What is CLOCS-A?

  • CLOCS-A is currently in its development stage, what is the end game?

    The final stage in the development of CLOCS-A includes an expression of interest stage to identify the best organisation to host the standard. CLOCS-A like NRSPP and Safe Load Program is hosted by an organisation with aligned interests and values. The development of CLOCS-A will include creating a sustainable model and then a home for it.

  • How do you partner with CLOCS-A?

    Any organisation can be part of CLOCS-A. Its establishment is centred around collaboration and to be a part of its development all you have to do is join the MoU as a Supporting Partner. What this entails is a letter of commitment which the Steering Group will review and endorse. There is no cost.

  • Is there a local example where the foundations of CLOCS-A has been applied?

    Australia’s two largest public transport infrastructure builds, Sydney and Melbourne Metro, have both adapted portions of UK’s CLOCS standard into their contracts. They did this because it is recognised as world’s best practice. They knew it would protect the community, workers and truck drivers during the build and thus reduce the risk of the project contributing to a fatality.

  • What are the timelines for CLOCS-A?

    We are well into our systems implementation and we have broken these into phases. The four phases are described below:

    Our targeted Phases

    Our journey has been plotted in a timeline as follows:

  • What is CLOCS-A?

    Construction Logistics and Community Safety – Australia (CLOCS-A) is a national construction logistics safety program designed to revolutionise the management of work-related road risk in the construction sector. CLOCS-A provides:
    • Comprehensive road safety, risk and business management for heavy vehicle related logistics of construction projects.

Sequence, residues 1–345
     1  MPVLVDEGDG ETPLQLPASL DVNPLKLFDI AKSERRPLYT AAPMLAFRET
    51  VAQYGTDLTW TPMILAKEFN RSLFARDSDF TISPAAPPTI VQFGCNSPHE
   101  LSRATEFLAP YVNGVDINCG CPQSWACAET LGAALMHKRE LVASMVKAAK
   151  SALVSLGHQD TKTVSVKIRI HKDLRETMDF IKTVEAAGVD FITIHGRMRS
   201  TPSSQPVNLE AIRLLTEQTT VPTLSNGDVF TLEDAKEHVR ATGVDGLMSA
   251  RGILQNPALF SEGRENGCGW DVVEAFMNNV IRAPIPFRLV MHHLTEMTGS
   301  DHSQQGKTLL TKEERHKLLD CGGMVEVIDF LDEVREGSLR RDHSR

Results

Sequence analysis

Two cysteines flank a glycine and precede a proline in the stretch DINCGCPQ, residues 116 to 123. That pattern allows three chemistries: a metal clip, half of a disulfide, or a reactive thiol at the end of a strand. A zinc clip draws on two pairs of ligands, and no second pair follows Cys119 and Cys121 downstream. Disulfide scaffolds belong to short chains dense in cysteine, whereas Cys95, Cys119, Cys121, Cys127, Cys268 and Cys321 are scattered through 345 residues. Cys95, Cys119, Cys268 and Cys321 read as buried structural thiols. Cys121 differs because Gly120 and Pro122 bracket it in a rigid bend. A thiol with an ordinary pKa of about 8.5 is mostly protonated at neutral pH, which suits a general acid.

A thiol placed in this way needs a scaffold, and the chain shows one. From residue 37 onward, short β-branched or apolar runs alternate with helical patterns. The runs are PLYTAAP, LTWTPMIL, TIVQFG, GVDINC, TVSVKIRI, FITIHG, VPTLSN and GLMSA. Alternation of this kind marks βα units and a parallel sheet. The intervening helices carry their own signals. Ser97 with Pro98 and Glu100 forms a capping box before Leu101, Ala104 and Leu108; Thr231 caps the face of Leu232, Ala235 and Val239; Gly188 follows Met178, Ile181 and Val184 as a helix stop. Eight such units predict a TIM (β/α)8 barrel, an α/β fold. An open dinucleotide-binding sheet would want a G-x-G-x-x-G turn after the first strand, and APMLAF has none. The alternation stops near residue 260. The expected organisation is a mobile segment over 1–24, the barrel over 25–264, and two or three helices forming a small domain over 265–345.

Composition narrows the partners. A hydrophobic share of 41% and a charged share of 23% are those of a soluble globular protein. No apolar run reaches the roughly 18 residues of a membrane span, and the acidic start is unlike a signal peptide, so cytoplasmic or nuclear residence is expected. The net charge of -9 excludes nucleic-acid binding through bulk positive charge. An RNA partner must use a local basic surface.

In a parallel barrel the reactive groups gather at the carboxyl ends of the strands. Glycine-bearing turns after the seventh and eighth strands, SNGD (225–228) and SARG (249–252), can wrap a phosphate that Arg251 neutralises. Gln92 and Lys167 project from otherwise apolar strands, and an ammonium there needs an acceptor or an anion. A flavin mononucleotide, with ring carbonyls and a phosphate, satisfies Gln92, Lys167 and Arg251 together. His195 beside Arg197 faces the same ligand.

• Consistent single standard and process providing peace of mind for all users within the supply chain.
    • Bridge builder between trucks and Vulnerable Road Users (VRU), cyclists, pedestrians and motor bike riders.

  • What is the evidence that CLOCS works?

    Independent evaluation of CLOCS in the UK found that the introduction of the program resulted in:
    37% fewer complaints when implementing CLOCS
    47% reduction in fatal and serious injury crashes between heavy vehicles and vulnerable road users when implementing CLOCS
    25% reduction in total collisions
    76% less likely to commit licensing offences

    The Standards developed by CLOCS-A are underpinned by evidence and guided by the Safe System Approach to Road Safety.

  • What is the origins of CLOCS-A?

    CLOCS-A is inspired by the success of the CLOCS Program established in the UK to tackle the emergence of similar risks following an unprecedented construction boom in metropolitan areas whilst being more nuanced to local issues in Australia. Today, the CLOCS Program remains as the UK’s only safety standard for construction logistics consolidating multiple standards, schemes and policies into one work-related road safety standard and is widely recognised as the world’s best practice in protection for VRUs. In Australia our largest public transport infrastructure have based their logistics safety standard off CLOCS.